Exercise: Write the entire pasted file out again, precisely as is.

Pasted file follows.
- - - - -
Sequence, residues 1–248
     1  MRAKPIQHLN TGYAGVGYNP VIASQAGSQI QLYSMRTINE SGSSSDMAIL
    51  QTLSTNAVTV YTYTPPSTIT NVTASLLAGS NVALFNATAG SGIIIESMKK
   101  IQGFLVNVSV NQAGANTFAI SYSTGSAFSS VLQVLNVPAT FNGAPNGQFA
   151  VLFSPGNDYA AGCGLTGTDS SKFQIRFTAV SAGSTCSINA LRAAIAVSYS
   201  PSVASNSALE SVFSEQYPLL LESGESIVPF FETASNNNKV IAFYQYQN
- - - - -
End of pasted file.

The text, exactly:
Sequence, residues 1–248
     1  MRAKPIQHLN TGYAGVGYNP VIASQAGSQI QLYSMRTINE SGSSSDMAIL
    51  QTLSTNAVTV YTYTPPSTIT NVTASLLAGS NVALFNATAG SGIIIESMKK
   101  IQGFLVNVSV NQAGANTFAI SYSTGSAFSS VLQVLNVPAT FNGAPNGQFA
   151  VLFSPGNDYA AGCGLTGTDS SKFQIRFTAV SAGSTCSINA LRAAIAVSYS
   201  PSVASNSALE SVFSEQYPLL LESGESIVPF FETASNNNKV IAFYQYQN